Spend even just a few weeks with the scale, and both problems will be far easier to solve.

2

A Bathroom Scale

Body weight isn't the only way to gauge progress, of course, and you could make a compelling case it's not even the best one. But it's definitely the easiest way to attach a number to progress. If you swear you're making the appropriate changes to your nutrition plan, the scale will certainly provide an invaluable, objective opinion. But it requires that you use it regularly.

Why rely on the scale for guidance? Regular body-fat tests aren't feasible for most people (and even those require a scale to be truly accurate). The mirror has its place, but in the early days of a transformation doesn't give much help. And calorie calculators just estimate your calorie needs based on the information you type in.

Using the scale to guide your intake adjustments will confirm your nutrition and exercise plans have you headed in the right direction.

These handy, simple-to-use tools provide an excellent starting place, but they're not individualized, and they may recommend taking in too much or too little than you actually need to meet your goals. Using the scale to guide your intake adjustments will confirm your nutrition and exercise plans are heading you in more or less the right direction.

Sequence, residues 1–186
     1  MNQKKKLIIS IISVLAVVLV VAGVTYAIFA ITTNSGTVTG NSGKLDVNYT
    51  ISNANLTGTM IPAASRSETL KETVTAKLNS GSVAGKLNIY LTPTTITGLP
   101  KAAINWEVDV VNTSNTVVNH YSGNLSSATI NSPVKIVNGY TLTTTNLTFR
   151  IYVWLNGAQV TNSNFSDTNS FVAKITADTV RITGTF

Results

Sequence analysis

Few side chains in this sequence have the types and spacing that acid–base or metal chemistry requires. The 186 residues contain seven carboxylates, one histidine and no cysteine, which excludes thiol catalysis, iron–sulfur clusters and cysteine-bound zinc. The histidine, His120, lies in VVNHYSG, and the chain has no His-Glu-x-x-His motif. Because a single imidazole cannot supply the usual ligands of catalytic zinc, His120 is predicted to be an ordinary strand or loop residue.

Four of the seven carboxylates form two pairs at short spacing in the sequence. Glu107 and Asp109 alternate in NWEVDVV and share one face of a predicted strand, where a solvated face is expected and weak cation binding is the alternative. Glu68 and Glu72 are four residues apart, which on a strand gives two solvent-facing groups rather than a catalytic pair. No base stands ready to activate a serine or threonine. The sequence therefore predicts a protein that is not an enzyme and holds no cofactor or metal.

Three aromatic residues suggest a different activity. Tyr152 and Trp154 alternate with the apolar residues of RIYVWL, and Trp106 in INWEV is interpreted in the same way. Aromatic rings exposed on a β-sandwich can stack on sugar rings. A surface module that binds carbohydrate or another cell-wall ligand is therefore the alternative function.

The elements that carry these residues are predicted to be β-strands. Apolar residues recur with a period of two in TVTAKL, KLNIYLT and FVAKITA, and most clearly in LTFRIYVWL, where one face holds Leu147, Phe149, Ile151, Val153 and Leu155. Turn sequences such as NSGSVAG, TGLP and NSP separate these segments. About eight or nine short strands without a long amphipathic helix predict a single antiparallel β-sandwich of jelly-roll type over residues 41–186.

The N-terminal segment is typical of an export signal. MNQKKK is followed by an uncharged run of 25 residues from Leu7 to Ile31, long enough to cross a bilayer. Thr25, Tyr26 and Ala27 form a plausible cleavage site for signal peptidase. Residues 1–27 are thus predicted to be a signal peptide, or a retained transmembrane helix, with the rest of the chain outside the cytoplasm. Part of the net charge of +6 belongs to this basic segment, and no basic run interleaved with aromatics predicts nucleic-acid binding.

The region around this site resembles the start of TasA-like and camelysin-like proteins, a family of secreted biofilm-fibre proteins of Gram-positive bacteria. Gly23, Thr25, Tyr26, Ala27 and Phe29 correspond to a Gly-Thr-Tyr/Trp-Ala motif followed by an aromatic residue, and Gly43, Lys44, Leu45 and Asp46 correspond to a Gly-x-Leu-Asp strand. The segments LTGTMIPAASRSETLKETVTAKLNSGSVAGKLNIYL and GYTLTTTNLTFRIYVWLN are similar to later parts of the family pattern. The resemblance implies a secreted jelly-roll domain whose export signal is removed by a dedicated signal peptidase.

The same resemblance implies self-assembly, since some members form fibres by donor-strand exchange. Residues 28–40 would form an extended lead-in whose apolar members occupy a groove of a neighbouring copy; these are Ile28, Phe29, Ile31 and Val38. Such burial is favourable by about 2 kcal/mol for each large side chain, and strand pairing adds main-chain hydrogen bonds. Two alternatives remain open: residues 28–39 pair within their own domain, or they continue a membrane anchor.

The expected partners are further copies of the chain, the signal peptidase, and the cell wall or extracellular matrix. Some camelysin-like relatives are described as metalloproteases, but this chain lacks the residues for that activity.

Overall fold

It's simple: Weigh yourself 2-3 times a week, then average the week's numbers and compare from the previous week to guide your adjustments (if any). You don't have to step on every single day. Just make sure you're weighing yourself at the same time, each time, as your body weight can fluctuate anywhere from 2-4 pounds per day. Hydration status, along with the clothes you are wearing when you step on the scale, can also influence your day-to-day values.

3

A Water Bottle...And Some Water

The "and some water" part may seem obvious, but let's face it; we've all got empty water bottles lying around collecting dust. You need a full one with you at all times—and then you need to empty it. Into your mouth.